|"....That's really the most extraordinary aspect of all of this, if one really thinks about it -- it isn't merely that the Democratic Senate failed to investigate or bring about accountability for the clearest and more brazen acts of lawbreaking in the Bush administration, although that is true. Far beyond that, once in power, they are eagerly and aggressively taking affirmative steps -- extraordinary steps -- to protect Bush officials. While still knowing virtually nothing about what they did, they are acting to legalize Bush's illegal spying programs and put an end to all pending investigations and efforts to uncover what happened. |
"How far we've come -- really: disgracefully tumbled -- from the days of the Church Committee, which aggressively uncovered surveillance abuses and then drafted legislation to outlaw them and prevent them from ever occurring again. It is, of course, precisely those post-Watergate laws which the Bush administration and their telecom conspirators purposely violated, and for which they are about to receive permanent, lawless protection.
"What Harry Reid's Senate is about to do today would be tantamount to the Church Committee -- after discovering the decades of abuses of eavesdropping powers by various administrations -- proceeding in response to write legislation to legalize unchecked surveillance, bar any subjects of the illegal eavesdropping from obtaining remedies in court, and then pass a bill with no purpose other than to provide retroactive immunity for the surveillance lawbreakers. That would be an absurd and incomparably corrupt nonsequitur, but that is precisely what Harry Reid's Senate -- in response to the NYT's 2005 revelations of clear surveillance lawbreaking by the administration -- is going to do today."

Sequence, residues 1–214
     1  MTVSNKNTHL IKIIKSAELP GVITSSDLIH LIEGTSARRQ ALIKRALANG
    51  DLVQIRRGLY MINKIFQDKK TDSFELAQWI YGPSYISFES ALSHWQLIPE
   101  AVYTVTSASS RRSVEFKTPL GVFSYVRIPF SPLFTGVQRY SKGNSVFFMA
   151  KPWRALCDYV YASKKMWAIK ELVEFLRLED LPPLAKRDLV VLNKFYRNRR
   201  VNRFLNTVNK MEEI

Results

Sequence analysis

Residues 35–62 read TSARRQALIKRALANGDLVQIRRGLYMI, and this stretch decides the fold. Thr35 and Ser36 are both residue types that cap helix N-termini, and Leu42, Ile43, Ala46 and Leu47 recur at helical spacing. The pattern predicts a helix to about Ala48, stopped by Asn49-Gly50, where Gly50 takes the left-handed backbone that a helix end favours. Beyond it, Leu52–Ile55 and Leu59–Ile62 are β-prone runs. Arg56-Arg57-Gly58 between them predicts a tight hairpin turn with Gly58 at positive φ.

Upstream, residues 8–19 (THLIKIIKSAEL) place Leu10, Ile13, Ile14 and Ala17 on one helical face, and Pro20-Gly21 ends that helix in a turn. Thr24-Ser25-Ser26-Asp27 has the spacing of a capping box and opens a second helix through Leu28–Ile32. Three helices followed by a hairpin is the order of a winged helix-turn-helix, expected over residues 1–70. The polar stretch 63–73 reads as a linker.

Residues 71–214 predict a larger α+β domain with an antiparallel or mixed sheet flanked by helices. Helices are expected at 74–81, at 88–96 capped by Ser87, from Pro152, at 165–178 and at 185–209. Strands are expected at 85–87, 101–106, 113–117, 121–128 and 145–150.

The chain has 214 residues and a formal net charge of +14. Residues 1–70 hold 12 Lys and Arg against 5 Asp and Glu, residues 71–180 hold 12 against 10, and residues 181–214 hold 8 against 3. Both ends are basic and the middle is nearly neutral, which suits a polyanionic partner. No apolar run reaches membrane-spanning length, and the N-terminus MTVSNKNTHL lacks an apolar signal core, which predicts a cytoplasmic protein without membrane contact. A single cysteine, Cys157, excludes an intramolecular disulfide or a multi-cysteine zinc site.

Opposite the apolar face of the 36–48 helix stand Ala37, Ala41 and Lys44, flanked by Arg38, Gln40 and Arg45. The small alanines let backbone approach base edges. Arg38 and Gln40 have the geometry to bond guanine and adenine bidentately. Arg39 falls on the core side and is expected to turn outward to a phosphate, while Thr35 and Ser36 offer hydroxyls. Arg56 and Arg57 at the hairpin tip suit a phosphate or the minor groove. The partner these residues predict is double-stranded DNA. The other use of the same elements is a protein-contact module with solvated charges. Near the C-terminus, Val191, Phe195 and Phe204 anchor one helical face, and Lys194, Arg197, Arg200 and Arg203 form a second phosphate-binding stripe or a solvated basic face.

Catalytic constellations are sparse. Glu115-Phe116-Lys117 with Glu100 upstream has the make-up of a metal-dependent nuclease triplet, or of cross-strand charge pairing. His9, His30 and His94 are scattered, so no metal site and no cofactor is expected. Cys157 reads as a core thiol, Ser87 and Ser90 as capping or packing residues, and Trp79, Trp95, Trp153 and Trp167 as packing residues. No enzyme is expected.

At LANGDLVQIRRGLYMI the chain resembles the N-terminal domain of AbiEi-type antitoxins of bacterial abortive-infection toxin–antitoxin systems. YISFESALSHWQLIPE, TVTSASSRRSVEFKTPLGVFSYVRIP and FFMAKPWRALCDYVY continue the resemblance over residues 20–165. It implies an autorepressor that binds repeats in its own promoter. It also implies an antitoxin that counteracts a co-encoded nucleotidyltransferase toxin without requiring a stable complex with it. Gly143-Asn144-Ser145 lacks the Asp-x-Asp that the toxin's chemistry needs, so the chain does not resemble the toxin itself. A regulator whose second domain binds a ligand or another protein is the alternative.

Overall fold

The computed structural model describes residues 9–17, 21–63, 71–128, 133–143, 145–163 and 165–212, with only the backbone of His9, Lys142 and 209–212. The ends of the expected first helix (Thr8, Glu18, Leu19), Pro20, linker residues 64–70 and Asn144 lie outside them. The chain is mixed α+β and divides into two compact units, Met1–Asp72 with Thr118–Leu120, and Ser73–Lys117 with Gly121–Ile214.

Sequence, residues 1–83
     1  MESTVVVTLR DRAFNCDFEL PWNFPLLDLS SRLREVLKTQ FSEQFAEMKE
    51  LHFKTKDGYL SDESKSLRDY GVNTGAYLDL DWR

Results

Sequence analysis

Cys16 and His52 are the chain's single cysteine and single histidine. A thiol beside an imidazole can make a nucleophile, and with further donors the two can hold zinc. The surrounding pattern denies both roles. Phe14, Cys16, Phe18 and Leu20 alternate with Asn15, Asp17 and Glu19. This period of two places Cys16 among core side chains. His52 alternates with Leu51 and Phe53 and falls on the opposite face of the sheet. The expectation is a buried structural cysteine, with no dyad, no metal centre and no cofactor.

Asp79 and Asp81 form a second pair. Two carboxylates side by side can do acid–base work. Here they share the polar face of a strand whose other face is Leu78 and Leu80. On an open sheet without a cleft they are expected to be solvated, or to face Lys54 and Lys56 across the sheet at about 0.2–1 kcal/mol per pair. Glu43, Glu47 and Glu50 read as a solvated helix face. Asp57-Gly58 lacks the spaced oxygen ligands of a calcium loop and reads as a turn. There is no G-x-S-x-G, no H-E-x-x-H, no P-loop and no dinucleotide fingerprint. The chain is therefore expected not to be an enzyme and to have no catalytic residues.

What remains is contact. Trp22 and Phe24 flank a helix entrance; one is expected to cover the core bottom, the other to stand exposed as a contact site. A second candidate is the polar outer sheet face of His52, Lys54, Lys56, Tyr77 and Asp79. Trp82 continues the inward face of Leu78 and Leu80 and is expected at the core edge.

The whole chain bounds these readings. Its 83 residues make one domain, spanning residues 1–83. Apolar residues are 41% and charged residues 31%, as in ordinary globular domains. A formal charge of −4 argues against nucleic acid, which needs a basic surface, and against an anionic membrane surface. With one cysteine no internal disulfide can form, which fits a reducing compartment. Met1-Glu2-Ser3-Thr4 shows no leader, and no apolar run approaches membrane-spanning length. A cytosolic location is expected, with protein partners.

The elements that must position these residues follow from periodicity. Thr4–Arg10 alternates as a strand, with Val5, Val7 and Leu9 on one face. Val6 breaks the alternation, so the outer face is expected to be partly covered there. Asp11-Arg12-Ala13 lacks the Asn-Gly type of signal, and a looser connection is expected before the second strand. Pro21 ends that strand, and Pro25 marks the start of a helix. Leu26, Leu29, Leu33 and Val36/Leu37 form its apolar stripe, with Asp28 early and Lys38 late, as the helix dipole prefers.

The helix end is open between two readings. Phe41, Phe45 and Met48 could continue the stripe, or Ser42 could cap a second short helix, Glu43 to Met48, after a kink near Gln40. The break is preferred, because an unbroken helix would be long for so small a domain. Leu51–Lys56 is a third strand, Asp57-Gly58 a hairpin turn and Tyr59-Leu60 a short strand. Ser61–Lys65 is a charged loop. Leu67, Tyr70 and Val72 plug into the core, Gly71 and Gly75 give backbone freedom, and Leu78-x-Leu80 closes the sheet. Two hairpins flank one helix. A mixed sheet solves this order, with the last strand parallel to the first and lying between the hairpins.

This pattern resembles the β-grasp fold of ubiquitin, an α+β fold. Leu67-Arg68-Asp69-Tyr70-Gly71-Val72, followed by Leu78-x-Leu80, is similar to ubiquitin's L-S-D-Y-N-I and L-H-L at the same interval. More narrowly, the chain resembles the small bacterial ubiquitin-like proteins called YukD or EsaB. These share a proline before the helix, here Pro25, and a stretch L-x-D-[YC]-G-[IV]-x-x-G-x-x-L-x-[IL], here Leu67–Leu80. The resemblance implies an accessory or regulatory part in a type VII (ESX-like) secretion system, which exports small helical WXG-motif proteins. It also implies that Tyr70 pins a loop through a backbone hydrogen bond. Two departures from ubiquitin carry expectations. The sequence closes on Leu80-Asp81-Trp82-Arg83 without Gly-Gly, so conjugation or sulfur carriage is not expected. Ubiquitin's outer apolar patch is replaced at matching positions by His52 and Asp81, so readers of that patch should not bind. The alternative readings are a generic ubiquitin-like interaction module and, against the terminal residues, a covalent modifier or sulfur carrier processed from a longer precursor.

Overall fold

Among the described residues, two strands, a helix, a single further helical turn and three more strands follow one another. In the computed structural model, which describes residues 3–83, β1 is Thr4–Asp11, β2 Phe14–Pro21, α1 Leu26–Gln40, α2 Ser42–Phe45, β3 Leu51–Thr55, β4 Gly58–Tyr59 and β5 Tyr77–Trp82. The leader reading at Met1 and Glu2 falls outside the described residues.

"....There's a temptation, particularly on days like today, to talk about what motivates "Democrats" -- as though they're a monolith acting collectively with the same drives. They're not. Some do what they do because their only concern is a craven desire to be re-elected. Others believe in one thing but are afraid to vote that way (because they'll be called Soft on Terror, Liberal, etc.), while others still are influenced by Beltway money and other cultural pressures. Some are motivated by a combination of those motives.
"But a large number of elected Democrats vote in favor of the radical Bush agenda for a very simple reason: they believe in it. Despite the glorious "D" after their name, their views are materially indistinguishable from the defining ones of the Bush faction on the key issues. A huge portion of Congressional Democrats are members of the corrupt, bipartisan Beltway political establishment first, and everything only follows that, and they thus embrace and support the values of that establishment.
"That's why Bush has won and -- even with "Democrats in control of Congress" -- continues to win most key votes. The fault lines in the Beltway aren't primarily between Republican and Democrat but between those who support the core values of our political establishment (as reflected by the Bush administration) and those who don't. Through a bulging coalition of both Democrats and Republicans, the pro-establishment forces have a strong, clear and easy majority, and that's why the most radical Bush measures continue not only to prevail, but -- as today -- do so easily."
Now I understand how Republicans sleep at night. They sign their pact with the devil, then blindly go along with whatever their party tells them without thinking. It's the "thinking" part that screws us Democrats and keeps us up at night, wondering what the hell is so wrong with everybody else.